BTW: Can we declare a moratorium now on TV "Mom shots?
First up: Swimming
Men's 400 medley relay
Aaron Piersol established a small lead for the U.S. Breaststroker Brendan Hansen gives it up to Japan on the second leg. Phelps, swimming the fly, reclaims a narrow lead over Japan and Australia. And then Jason Lezak does it again, holding off all comers to claim the gold in a WR time of 3:29.34. Phelps' swim of 50.15, fittingly, is the turning point in the race. Australia takes the silver at 3:30.04 , Japan the bronze at 3:31.18.
Women's 400 medley relay
Australia blows away its own world record, swimming 3:52.69 to take the gold. The U.S. is second at 3:53.30. China is third at 3:56.11. It's Natalie Coughlin's sixth medal in Beijing -- a first for a U.S. woman. It also brings silver medals to King Aquatic swimmers Megan Jendrick and Margaret Hoelzer, who leaves Beijing with three medals.
Men's 1500 meter freestyle
Ous Melluli of Tunisia wins the long one at 14:40.84; Grant Hackett of Australia is second at 14:41.53; Ryan Cochrane of CANADA takes the bronze at 14:42.69. Larsen Jensen of the U.S. is fifth at 14:48.16.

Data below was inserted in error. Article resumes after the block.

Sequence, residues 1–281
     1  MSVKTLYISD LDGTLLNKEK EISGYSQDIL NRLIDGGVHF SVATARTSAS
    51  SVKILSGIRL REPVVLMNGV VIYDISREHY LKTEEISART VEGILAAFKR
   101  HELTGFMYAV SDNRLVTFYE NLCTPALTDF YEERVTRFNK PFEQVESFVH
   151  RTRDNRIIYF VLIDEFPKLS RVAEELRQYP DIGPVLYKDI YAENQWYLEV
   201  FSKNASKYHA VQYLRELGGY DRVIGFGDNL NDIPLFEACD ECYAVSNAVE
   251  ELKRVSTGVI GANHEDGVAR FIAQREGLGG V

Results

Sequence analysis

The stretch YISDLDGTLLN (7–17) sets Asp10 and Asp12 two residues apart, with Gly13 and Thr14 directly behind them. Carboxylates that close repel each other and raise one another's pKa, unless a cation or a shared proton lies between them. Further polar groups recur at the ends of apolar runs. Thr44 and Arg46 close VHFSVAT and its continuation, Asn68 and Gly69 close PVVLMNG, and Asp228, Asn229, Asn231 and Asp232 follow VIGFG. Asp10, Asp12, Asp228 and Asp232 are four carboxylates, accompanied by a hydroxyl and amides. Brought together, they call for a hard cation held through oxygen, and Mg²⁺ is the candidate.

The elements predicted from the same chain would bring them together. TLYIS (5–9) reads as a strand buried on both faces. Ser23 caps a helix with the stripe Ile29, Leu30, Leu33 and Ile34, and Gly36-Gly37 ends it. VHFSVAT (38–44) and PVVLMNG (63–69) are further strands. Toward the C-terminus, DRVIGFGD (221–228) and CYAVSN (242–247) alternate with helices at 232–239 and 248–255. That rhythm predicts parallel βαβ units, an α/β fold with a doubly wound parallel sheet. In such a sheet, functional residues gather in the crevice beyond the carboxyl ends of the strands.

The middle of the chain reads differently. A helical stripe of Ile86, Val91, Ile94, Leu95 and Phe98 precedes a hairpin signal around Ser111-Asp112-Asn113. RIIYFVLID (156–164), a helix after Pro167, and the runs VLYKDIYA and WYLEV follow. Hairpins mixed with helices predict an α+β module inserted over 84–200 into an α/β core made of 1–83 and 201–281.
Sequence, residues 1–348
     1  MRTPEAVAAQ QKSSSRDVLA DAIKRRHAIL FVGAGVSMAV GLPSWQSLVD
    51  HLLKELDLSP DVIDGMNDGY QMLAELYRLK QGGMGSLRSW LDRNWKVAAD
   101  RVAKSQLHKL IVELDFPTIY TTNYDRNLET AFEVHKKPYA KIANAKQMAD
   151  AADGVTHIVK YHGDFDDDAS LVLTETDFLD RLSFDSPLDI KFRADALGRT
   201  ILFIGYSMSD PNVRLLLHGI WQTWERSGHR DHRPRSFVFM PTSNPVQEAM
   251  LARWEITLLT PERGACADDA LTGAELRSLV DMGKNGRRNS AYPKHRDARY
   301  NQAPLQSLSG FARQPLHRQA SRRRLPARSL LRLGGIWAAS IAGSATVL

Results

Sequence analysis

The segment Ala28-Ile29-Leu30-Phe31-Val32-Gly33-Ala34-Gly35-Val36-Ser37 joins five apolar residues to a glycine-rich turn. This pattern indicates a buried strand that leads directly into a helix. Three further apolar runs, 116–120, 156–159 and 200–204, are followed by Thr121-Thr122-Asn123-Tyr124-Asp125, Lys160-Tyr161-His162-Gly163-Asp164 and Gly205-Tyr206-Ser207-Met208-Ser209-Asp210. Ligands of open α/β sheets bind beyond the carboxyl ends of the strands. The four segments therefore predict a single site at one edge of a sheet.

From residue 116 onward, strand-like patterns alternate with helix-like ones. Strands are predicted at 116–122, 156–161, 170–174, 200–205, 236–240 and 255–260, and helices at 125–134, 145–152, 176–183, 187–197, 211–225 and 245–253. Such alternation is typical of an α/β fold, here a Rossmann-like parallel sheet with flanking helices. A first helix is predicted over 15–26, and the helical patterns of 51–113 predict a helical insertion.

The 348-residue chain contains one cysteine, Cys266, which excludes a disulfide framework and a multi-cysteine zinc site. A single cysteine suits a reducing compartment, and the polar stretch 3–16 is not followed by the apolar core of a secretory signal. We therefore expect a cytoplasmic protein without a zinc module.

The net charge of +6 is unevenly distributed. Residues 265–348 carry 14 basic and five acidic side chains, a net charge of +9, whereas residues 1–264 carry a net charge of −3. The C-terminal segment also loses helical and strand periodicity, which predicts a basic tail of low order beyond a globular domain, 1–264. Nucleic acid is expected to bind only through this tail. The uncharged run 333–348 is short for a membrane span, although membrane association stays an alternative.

Women's 50 freestyle
Britta Steffen of Germany, wins at 24.06, an Olympic record. Dara Torres is second at 24.07; Cate Campbell of Australia is third at 24.17. Libby Trickett of Australia is fourth at 24.25.
Sorry we're slow getting rolling tonight.
Some guys from NBC showed up at the front door, dark glasses, etc., wanted to talk about this blog's "attitude problem."
We told them to come back in three hours.
Actually, had to write Sunday's newspaper column, which will be a highlight reel of Week One of the Games. Not to be missed. Likely to be laminated. Joe Bob says check it out.
On tap tonight: The big Michael Phelps race for No. 8. Dara Torres in the 100. Full slate of track and field, including the men's 100 meters, which occurred approximately last Tuesday in Beijing.
A special shout out tonight to all our readers in Canada, where, after that first GOLD in women's wrestling yesterday, the medals came in a virtual torrent. Well, at least a steady trickle. More on this to come, as well.
Get your fans all pointed toward the couch (Dad, keep pushing the nurse button), and, as they say in ice dancing, get ready to rhumba...